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Thai youth soccer team meets with the media

Members of the rescued soccer team and their coach sit during a press conference discussing their ordeal in the cave in Chiang Rai, northern Thailand, Wednesday, July 18, 2018. The 12 boys and their soccer coach rescued after being trapped in a flooded cave in northern Thailand are recovering well and are eager to eat their favorite comfort foods after their expected discharge from a hospital soon. (AP Photo/Vincent Thian)

UPDATE: Wednesday - 7:00 a.m.

CHIANG RAI, Thailand (AP) — The 12 boys and their soccer coach who were rescued from a cave in northern Thailand have appeared at a news conference, entering to applause from the media and classmates.

Note: This is a live feed and may be subject to breaks in coverage. This event is expected to begin at 7 a.m.

The boys put on a quick demonstration of their ball-handling skills in a special miniature soccer field set up in the hall where they are meeting the media on Wednesday.

They then hugged their friends before taking seats up front with doctors and others who helped them during their ordeal.

Doctors took the first two questions, and said the 13 were healthy in body and mind. Doctors said the boys gained around 3 kilograms (6.6 pounds) on average since they were rescued from the cave last week. They were said to have lost an average of 4 kilograms (9 pounds) during the more than two weeks they were trapped in the cave.

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CHIANG RAI, Thailand (AP) — The youth soccer teammates rescued after 18 days trapped in a flooded cave in Thailand are expected to be released from the hospital Wednesday and to speak about their ordeal.

A news conference with the 12 boys and their coach was being arranged for the evening in the northern city of Chiang Rai, where the boys have been recovering in a hospital since last week. A conference hall that was being prepared as the venue for the news conference was decorated as a soccer field.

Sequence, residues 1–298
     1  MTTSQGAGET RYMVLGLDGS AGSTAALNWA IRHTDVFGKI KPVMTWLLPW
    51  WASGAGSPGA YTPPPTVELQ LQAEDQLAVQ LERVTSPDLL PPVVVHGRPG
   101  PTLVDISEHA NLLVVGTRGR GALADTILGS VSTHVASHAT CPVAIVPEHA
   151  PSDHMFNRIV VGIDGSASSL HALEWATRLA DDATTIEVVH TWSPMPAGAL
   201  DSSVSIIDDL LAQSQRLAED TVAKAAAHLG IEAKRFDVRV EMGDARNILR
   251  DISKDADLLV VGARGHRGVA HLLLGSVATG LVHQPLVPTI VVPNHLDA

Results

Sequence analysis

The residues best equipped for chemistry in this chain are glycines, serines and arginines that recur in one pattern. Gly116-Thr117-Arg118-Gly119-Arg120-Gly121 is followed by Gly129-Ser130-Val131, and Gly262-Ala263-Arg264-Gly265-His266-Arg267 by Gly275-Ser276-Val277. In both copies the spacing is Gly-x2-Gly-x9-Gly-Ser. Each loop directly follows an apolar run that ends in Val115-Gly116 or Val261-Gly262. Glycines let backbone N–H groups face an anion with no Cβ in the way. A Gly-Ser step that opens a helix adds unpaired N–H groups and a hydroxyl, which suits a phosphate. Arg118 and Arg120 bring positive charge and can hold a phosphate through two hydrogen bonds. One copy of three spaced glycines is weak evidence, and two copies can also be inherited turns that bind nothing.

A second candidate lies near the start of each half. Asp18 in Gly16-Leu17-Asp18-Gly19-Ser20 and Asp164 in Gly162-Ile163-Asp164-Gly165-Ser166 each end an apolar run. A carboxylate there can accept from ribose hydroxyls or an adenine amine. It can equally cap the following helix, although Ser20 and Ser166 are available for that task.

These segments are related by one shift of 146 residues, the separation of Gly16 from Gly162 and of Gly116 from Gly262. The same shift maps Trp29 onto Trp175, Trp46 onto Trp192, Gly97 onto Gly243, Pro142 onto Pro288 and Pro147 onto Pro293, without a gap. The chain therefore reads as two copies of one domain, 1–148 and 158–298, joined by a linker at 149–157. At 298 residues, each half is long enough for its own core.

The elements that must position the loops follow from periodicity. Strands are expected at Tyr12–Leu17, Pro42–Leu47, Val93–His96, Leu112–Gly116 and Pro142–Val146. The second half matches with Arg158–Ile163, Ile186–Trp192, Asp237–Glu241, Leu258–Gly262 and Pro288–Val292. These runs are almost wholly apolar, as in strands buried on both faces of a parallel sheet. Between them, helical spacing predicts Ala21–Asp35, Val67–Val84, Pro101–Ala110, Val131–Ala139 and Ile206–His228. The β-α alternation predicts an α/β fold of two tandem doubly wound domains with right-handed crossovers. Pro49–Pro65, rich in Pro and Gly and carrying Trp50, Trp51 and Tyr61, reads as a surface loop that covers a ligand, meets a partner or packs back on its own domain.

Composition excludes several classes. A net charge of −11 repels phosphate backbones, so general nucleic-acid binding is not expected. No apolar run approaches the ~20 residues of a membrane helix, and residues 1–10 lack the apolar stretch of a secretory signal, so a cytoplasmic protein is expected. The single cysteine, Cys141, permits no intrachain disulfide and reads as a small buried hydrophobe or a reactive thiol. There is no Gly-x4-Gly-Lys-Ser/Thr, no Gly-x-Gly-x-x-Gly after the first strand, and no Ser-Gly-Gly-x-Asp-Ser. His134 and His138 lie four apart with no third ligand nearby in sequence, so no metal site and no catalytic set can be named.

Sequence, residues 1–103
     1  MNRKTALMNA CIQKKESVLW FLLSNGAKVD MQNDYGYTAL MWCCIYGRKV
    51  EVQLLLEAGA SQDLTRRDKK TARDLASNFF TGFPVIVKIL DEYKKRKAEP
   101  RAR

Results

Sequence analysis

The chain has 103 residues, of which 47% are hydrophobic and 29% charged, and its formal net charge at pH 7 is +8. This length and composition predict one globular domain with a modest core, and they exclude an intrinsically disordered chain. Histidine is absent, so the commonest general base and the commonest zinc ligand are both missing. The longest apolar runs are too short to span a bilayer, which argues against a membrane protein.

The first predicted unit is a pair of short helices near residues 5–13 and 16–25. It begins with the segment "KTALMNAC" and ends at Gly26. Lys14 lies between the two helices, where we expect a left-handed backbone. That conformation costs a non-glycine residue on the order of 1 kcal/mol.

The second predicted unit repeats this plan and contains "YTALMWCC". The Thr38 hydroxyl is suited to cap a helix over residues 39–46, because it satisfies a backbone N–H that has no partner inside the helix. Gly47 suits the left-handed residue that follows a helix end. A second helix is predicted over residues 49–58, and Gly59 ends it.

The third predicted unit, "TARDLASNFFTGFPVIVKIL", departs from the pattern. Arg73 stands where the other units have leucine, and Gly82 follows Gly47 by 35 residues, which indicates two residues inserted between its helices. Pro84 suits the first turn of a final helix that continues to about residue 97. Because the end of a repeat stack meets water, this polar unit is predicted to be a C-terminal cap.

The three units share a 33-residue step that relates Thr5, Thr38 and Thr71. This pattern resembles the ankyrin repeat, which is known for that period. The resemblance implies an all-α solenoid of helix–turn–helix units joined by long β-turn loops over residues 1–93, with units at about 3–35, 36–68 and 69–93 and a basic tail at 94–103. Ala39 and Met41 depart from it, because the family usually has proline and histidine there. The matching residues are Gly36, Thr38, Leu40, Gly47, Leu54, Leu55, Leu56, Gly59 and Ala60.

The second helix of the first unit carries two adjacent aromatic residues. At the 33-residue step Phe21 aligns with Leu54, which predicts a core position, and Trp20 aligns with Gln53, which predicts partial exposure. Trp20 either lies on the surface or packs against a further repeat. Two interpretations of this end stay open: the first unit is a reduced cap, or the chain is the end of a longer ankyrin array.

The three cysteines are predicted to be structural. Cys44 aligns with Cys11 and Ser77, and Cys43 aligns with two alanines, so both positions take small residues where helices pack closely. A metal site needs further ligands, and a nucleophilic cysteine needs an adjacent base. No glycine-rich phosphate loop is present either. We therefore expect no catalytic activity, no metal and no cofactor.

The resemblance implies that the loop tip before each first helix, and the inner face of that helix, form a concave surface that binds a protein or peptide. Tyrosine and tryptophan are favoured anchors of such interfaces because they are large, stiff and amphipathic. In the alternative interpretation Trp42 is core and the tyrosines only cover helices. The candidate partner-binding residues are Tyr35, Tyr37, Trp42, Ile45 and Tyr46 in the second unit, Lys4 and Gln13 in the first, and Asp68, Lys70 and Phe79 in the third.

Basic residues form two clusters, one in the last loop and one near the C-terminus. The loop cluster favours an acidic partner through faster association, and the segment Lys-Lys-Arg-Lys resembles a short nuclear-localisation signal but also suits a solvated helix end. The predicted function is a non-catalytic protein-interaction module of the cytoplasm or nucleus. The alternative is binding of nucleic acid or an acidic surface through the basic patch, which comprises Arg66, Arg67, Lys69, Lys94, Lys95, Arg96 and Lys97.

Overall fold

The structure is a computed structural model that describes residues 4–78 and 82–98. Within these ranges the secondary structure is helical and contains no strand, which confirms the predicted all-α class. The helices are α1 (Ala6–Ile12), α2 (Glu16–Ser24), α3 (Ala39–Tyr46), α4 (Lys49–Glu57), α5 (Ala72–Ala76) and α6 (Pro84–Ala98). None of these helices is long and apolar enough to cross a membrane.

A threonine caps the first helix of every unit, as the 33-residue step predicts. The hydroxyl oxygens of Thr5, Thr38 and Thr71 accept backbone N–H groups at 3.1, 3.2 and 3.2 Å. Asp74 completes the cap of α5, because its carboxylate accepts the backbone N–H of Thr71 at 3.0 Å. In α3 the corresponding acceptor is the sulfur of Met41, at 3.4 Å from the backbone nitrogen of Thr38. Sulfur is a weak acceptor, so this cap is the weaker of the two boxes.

Government spokesman Lt. Gen. Sansern Kaewkamnerd said doctors, social workers and psychologists would participate in the news conference to filter questions and ensure the boys' well-being. The media will not be allowed to interview the boys after the news conference.

The Wild Boars teammates had entered the Tham Luang cave on June 23 for a quick, relaxing excursion after soccer practice. But rain began falling while they were underground, and the water filled the caverns, cutting off their escape.

Divers found the group huddling on a spot of dry ground deep inside the cave 10 days later, hungry but generally healthy. An international team of rescuers using diving equipment and pulleys extracted the 12 boys and coach through the tight, flooded passageways over three days, concluding July 10.

Some of the boys were treated for minor infections during their hospital stay, but all 13 have been described as recovering well.

The family of one of the boys was preparing their home for his return Wednesday night.

Banphot Konkum, an uncle who has raised 13-year-old Duangpetch Promthep, said he'll have a renovated bedroom and gifts awaiting him.

"We'll do whatever he wants. If he wants anything we'll buy it for him as a present as we promised that when he gets out, whatever he wants we'll do it for him," Banphot said.

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